Familiarity with Catholic language and sensibilities certainly works in Clinton's favor. When she said a few years ago that every abortion is a tragedy, some of her strongest supporters were outraged—and it was more of a Sister Souljah moment than Obama has ever had. In fact, what he's said on the subject has had the opposite effect. At a campaign rally in Pennsylvania, Obama said that when providing information about sex to his own daughters, "I am going to teach them first of all about values and morals. But if they make a mistake, I don't want them punished with a baby." For even mildly pro-life voters, using the word "punished" in that context was at least as unfortunate as describing believers as "bitter." "He's got more missteps on the life issues than she does," said a lobbyist in Washington, D.C., who took leaves from work to volunteer for Bill Clinton's and Al Gore's presidential campaigns but who wrote in Bob Casey for president in '04 and is drifting away from the Democrats over the abortion issue. "That comment about not wanting to punish his daughter with a baby was all over the life blogs, so even though their positions are the same," language does matter, as does communicating respect for Democrats with a dissenting view on abortion rights. "If you're a Democrat desperate to come back to the party, you might be more comfortable with her."
Though Saturday Night Live wouldn't seem to be in the vanguard of Catholic thought, Tina Fey may have been onto something with her "Bitch Is the New Black" comparison of Hillary to a cranky but proficient old nun: "Bitches get stuff done; that's why Catholic schools use nuns as teachers and not priests. They're mean … and they sleep on cots, and they're allowed to hit you. And at the end of the school year, you hated those bitches. But you knew the capitol of Vermont."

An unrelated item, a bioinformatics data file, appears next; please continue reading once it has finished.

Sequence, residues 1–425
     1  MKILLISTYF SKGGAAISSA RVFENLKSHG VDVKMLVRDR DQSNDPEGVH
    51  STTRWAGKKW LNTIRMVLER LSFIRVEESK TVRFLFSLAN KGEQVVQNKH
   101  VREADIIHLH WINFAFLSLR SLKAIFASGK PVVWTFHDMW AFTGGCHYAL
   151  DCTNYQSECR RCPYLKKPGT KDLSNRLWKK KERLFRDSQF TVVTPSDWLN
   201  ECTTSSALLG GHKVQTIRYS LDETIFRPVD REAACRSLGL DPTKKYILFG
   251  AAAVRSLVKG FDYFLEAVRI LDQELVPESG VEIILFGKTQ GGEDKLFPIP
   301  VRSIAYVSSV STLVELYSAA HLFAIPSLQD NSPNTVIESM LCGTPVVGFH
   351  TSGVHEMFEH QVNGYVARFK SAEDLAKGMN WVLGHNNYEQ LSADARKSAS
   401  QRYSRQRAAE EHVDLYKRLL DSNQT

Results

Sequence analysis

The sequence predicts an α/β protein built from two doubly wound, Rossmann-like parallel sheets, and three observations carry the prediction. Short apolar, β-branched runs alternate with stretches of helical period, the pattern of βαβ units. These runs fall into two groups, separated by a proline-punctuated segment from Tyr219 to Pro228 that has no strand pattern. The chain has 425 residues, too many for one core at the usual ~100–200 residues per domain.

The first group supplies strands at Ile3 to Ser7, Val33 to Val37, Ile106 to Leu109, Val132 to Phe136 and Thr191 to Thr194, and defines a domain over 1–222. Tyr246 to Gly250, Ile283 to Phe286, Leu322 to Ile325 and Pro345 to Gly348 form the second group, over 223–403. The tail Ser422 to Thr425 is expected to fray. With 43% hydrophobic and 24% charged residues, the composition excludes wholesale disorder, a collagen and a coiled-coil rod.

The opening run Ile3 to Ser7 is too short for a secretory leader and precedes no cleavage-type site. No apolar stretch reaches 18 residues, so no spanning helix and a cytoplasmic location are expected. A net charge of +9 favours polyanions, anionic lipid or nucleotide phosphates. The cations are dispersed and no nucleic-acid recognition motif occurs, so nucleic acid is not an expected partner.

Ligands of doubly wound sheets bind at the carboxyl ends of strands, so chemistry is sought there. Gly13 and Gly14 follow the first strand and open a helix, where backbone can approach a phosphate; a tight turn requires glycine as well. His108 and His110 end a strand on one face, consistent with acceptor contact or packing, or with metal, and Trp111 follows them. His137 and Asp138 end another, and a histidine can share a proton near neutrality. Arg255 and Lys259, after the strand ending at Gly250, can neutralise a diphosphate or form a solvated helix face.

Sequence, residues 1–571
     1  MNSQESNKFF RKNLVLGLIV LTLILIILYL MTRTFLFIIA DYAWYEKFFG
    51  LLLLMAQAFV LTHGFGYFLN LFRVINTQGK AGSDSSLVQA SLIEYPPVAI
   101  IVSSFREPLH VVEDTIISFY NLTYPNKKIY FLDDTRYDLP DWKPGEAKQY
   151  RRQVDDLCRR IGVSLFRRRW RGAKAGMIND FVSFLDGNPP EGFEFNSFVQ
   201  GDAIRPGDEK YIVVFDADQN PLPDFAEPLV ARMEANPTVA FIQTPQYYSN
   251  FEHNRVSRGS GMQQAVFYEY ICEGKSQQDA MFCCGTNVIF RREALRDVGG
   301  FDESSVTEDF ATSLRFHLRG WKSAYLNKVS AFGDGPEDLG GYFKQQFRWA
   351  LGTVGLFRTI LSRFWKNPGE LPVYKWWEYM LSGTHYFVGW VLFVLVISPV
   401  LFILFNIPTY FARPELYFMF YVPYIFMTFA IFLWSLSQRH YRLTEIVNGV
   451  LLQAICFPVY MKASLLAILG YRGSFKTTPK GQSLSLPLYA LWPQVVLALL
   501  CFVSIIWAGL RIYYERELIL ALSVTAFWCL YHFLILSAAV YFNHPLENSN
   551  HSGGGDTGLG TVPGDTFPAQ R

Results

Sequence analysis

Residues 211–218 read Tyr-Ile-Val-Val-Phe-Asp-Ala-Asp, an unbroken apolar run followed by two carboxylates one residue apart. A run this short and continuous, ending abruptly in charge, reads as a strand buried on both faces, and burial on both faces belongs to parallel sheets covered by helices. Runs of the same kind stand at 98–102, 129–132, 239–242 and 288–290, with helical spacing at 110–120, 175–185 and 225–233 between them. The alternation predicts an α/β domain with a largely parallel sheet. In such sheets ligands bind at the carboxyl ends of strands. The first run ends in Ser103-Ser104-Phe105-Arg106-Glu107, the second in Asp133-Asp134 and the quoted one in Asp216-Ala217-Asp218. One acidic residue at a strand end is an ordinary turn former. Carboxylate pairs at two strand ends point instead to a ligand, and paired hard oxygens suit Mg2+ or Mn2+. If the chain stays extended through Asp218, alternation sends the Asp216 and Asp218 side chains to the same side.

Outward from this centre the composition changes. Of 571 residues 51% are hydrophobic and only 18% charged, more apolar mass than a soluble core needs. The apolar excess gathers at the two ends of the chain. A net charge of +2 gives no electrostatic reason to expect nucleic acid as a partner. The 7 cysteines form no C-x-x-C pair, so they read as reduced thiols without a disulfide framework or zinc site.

The '04 Casey voter says nun-run Catholic schools turned out a lot of good feminists: "Older Catholics with exposure to nuns in school may be more comfortable with women in positions of authority." And my one Catholic friend who does back Hillary thought the opposite experience also worked in Clinton's favor: "Don't you think Catholic women are tired of not seeing women in authority positions?" In Pennsylvania, where she has family, "My aunt and all her friends went for Hillary. There was a lot of, 'You go, girl.' " And for her, part of the appeal is the general impression that Clinton seems more devoted to her faith than either Obama or John McCain. "She just seems the most religious of the three—particularly now that Obama's thrown his preacher under the bus."
So Jeremiah Wright hurts Obama coming and going. And yet, somehow, the double whammy of his wiggy pastor has not disabused voters of the paranoid notion that Obama is a secret Muslim only posing as a Christian. (Really, what candidate with half-good sense would pose as Wright's congregant?) A Catholic woman from Clearfield, Pa., said that though the rest of her large extended family unanimously supports Clinton, they rarely mention their preferred candidate but instead talk endlessly about what would seem to be mutually exclusive concerns: Obama's relationship with Wright, and how we're all going to have to buy Muslim prayer rugs if he's elected. "Wright does need to low-key it, but that's all they want to talk about,'' said the woman, who didn't want to be quoted by name in calling her relatives a bunch of rednecks. "And what makes me heartsick is that's the kind of thing you say so you don't have to say the real reason is you won't vote for a black guy."